Telstra, Optus to trade credit rating points for spectrum: Moody's

Australia's Digital Dividend auction opens 23 April

Australian telcos will have to pay up to keep competitive in mobile.

Australian telcos will have to pay up to keep competitive in mobile.

Bidding in next week’s Digital Dividend auction is crucial for Telstra and SingTel Optus to stay competitive even though it is likely to negatively impact their credit ratings, according to a financial analyst at Moody’s.

"It will be critical for Australian telecom giants to invest in additional spectrum well ahead of anticipated demand in order to compete effectively," said Moody’s senior credit officer, Ian Lewis.

"A failure to maintain service quality and invest in sufficient spectrum will hurt their business profiles in the medium- to long-term, as capacity reductions and network congestion lead to the degradation of service quality."

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The Australian government on 23 April will auction spectrum in the 700MHz and 2.5 GHz radiofrequency bands that can be used for 4G networks in rural and urban areas. Lewis said that the lower frequency 700MHz spectrum is especially desirable.

"Subject to the cost of acquisition, the efficiency of the spectrum and the superior speed possible through 4G make the deployment of the 700 MHz spectrum in particular, attractive for key business sectors such as mining, as well as for retail customers who are increasingly driven by fast download speeds for applications such as video streaming," he said.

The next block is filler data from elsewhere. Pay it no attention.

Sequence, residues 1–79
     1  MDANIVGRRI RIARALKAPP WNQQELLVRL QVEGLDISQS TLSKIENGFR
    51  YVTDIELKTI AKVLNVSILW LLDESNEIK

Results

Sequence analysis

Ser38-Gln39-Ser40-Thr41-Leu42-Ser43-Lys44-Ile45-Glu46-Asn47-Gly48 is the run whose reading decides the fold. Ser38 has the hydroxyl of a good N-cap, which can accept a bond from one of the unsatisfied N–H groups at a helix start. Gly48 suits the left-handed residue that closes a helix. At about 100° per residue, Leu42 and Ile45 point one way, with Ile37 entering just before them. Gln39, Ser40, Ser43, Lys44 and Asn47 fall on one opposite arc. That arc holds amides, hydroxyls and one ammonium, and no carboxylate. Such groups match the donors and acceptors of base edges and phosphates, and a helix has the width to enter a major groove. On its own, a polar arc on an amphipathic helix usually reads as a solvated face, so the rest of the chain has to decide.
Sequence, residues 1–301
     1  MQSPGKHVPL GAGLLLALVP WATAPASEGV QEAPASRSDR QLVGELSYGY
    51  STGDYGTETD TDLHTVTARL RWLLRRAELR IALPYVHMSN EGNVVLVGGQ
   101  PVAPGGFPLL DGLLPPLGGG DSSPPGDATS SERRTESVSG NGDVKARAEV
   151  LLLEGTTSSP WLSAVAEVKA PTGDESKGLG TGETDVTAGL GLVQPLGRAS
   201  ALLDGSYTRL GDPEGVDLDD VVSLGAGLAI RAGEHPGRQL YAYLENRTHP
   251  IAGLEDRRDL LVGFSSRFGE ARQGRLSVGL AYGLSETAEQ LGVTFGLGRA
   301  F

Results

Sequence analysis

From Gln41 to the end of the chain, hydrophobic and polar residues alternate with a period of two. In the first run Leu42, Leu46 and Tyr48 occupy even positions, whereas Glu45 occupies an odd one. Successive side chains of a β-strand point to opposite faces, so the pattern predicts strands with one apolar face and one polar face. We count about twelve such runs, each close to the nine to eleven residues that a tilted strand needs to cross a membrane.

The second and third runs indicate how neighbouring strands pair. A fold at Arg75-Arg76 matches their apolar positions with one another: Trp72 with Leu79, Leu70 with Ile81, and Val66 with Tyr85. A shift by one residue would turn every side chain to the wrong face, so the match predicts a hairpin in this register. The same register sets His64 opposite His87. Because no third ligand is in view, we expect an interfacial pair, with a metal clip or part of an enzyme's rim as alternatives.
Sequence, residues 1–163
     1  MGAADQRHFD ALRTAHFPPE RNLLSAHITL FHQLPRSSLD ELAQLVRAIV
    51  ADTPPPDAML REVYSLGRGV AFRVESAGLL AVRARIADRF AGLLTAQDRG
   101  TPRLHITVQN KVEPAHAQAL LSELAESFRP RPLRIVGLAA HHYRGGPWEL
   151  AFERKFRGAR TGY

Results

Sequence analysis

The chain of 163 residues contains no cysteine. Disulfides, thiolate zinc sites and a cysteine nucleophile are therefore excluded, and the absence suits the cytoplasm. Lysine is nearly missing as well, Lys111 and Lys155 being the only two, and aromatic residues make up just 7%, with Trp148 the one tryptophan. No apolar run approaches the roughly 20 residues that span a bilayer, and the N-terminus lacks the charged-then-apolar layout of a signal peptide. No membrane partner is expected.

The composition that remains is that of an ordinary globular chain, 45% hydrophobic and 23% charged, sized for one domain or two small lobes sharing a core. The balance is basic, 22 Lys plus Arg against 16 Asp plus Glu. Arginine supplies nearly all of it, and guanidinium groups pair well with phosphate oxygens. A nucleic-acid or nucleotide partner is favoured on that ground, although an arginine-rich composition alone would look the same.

Vodafone Hutchison Australia has said it most likely will not bid for the 700MHz spectrum because it already has a strong reserve of 1800MHz spectrum to support its 4G expansion.

Optus will likely feel the negative impact to its credit rating for a longer period of time than Telstra, Moody’s said. Telstra has high cash holdings and large internal cash flows, it said.

"SingTel Optus has less flexibility at its rating level, although it could deploy capital management initiatives to offset the pressure on its financial profile," it said.

The extent of damage to the telcos’ credit ratings "will depend on the degree to which they fund their spectrum purchases via debt and the amount of spectrum they purchase at the government auctions," said Lewis.

"The acquisition of spectrum will likely be partially debt-funded, depending on ultimate cost," said Lewis. "The acquisition of spectrum will be most challenging for SingTel Optus' financial profile, while it could also narrow the financial cushion within Telstra's A2 rating."

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